Aside from three cardiac bypasses and the replacement of a dying mitral valve in my heart, the 8.5 hour period that my heart and lungs were being taken over by a machine allowed my surgeons the luxury of replacing my five year old pacemaker/defibrillator. It is about the size of an old Zippo cigarette lighter, inserted near my heart with the ability to detect heart rhythm anomalies including failure to continue beating. It then shocks me back to life. This newer model has a stronger battery, uses wireless technology to transmit and receive signals from my heart while I am asleep by telemetry between my bedside and Medtronics server farm in the US. They also rewired the network of leads in my heart and upgraded the capabilities of the unit to detect arrythmia or heart failure and shock it back into sync.
I can monitor it with an app on the iPhone or iPad, my cardiologist gets an alert in his inbox if there are any anomalies and the whole shebang will last 10 years before the battery needs to be replaced by simple keyhole surgery. It costs about US$75,000 in America, free here, but is priceless if it saves your life suddenly when your heart goes into arrest. That’s called the ‘Jesus Jolt’ due to the expletive you let out when it goes off in your chest and rocks your world.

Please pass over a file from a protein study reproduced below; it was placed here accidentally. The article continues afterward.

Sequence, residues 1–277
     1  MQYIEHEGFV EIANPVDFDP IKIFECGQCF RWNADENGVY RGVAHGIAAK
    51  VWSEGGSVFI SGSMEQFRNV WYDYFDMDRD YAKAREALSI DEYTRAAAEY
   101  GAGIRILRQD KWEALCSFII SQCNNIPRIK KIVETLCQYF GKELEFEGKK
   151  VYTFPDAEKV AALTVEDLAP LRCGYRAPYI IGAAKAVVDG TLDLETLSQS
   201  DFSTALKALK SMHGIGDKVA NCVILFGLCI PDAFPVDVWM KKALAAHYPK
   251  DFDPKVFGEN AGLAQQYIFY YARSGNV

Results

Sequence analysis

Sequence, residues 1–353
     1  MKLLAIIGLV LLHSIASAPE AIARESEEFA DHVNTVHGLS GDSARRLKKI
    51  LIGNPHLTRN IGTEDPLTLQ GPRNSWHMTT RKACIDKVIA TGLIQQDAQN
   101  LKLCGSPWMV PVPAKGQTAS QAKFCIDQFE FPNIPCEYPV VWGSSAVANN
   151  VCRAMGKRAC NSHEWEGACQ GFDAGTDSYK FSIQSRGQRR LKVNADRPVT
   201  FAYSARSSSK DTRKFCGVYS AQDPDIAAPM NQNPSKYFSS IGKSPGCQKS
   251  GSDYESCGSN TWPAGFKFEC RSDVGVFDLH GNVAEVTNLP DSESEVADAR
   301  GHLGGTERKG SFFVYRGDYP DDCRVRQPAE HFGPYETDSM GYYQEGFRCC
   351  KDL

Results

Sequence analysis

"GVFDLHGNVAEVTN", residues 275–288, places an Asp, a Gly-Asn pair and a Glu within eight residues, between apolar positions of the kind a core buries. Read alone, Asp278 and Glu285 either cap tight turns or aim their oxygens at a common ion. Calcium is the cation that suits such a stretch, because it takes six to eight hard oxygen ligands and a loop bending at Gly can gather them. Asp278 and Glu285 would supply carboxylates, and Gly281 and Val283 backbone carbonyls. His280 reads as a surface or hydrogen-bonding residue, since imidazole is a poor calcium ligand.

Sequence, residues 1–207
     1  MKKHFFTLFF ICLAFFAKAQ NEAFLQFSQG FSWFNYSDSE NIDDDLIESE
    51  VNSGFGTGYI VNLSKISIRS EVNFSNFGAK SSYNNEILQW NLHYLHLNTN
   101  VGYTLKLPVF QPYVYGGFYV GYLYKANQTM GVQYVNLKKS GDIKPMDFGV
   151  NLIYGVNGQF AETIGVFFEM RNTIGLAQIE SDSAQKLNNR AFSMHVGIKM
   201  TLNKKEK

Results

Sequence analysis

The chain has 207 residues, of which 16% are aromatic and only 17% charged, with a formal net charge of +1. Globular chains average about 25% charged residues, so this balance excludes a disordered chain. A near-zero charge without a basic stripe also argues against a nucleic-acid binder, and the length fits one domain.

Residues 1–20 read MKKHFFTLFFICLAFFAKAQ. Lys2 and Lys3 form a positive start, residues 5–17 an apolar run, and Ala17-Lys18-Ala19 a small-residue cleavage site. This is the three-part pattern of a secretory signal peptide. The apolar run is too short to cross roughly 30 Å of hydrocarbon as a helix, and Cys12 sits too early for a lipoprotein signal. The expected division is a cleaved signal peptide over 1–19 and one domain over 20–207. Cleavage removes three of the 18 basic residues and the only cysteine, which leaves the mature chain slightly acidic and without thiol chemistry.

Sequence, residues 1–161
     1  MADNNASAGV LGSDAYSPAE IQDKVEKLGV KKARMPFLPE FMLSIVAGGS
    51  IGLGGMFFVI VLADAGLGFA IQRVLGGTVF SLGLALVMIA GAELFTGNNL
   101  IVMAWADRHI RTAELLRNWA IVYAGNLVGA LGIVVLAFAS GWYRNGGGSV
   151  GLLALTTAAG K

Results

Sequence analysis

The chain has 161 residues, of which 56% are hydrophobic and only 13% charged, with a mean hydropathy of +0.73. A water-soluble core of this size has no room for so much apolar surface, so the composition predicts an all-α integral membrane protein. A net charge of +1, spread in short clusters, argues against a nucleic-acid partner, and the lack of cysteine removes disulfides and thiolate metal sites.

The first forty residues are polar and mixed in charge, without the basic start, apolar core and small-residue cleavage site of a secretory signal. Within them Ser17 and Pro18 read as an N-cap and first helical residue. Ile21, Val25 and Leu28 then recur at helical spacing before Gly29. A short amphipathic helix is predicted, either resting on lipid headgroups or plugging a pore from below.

The latest device I have attached to my body took no surgery cuts or insertions. A disc the size of a US quarter or Aussie 10 cent piece lies glued for two weeks flat against the skin under my arm and is the sensor for a CGM or Continuous Glucose Monitor that constantly measures the sugars in my body by a small fibre probe that painlessly resides just under the skin. Where I used to have to prick my fingers four times or more a day to draw a blood droplet that was then sucked up a replaceable strip and fed into a reader, this Freestyle Libre unit just needs to be waved under the sensor device which gives me an instant reading and a daily graph which shows my glucose levels for the past 8 hours on screen. It holds a history of a couple of weeks of stats and graphs which can be accessed wirelessly on my iPhone, iPad or desktop for an instant picture of my health in that realm.